A box or envelope can protect collection materials from light, dust and even the wear and tear that comes from sitting on a shelf. Some suppliers make custom-made boxes and others sell boxes in standard sizes. When a box is custom-made to fit, the book does not rattle around inside. If a standard size box is a little too big, perhaps some acid-free tissue will be sufficient to fill the gaps and protect the book. Some vendors sell envelopes with an expandable bottom, rather like paper grocery store bags, which can hold small books.
A fragile pamphlet or letter can be protected in a paper or plastic envelope or sleeve. Paper envelopes should be acid-free. Although you can’t see the contents without removing it from the envelope, paper envelopes allow the contents to breathe, which is helpful if the relative humidity fluctuates. Some fragile pamphlets should be folded in a sleeve and then placed in the envelope.
Maps, posters, and letters can be put in plastic sleeves or sandwiched between sheets of a safe plastic, if they are acid-free. Polyester, polypropylene or polyethylene are generally considered safe but watch out for additives to the plastic which may cause unintended harm. Do not use plastic if the ink or paint is flaking off. Some plastics have a static charge that will lift loose ink or paint right off the paper. If single-sided, an acidic map, poster or letter, can be placed in plastic with a piece of buffered (alkaline) paper, which will absorb the acids for a while. But, as a general rule, if the item is acidic, generally do not put it in plastic.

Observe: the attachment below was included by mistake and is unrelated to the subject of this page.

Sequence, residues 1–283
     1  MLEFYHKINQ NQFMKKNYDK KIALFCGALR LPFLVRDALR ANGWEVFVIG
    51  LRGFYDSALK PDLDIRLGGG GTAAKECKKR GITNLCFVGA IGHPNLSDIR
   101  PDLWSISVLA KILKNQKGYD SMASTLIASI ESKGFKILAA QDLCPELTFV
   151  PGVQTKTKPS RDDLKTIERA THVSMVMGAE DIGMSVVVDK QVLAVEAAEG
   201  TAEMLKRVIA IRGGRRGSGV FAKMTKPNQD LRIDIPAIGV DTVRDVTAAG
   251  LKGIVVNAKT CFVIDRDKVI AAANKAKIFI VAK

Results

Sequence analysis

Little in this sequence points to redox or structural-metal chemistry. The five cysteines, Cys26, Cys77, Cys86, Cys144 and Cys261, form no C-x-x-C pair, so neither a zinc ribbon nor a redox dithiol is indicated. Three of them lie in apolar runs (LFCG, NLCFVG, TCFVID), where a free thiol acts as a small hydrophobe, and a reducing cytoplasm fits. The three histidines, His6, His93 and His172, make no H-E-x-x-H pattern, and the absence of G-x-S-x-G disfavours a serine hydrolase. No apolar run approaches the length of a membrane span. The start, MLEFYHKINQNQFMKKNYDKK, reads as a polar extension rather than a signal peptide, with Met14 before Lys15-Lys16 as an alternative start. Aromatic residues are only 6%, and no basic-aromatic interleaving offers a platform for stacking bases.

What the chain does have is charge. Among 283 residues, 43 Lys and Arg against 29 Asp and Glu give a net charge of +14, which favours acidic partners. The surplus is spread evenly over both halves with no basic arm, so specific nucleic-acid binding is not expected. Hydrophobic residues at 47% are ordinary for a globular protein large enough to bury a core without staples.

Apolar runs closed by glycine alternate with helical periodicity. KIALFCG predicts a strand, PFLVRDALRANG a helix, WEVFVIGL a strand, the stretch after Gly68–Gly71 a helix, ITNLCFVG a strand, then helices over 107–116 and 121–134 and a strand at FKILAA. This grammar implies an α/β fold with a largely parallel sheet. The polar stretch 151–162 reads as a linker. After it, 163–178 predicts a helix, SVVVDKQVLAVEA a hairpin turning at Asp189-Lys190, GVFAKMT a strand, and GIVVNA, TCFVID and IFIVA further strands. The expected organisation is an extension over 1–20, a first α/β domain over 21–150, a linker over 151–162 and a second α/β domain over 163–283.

Card stock enclosures for small books update of the leaflet by Richard Horton, originally written in 1999.
The Library Binding Institute includes members who are "certified library binders," many of whom also provide the service of making custom fitted boxes.
A phase box for the protection of books by Per Culhead. Conserv o gram no. 19/23 Washington, D.C., National Park Service, June 2001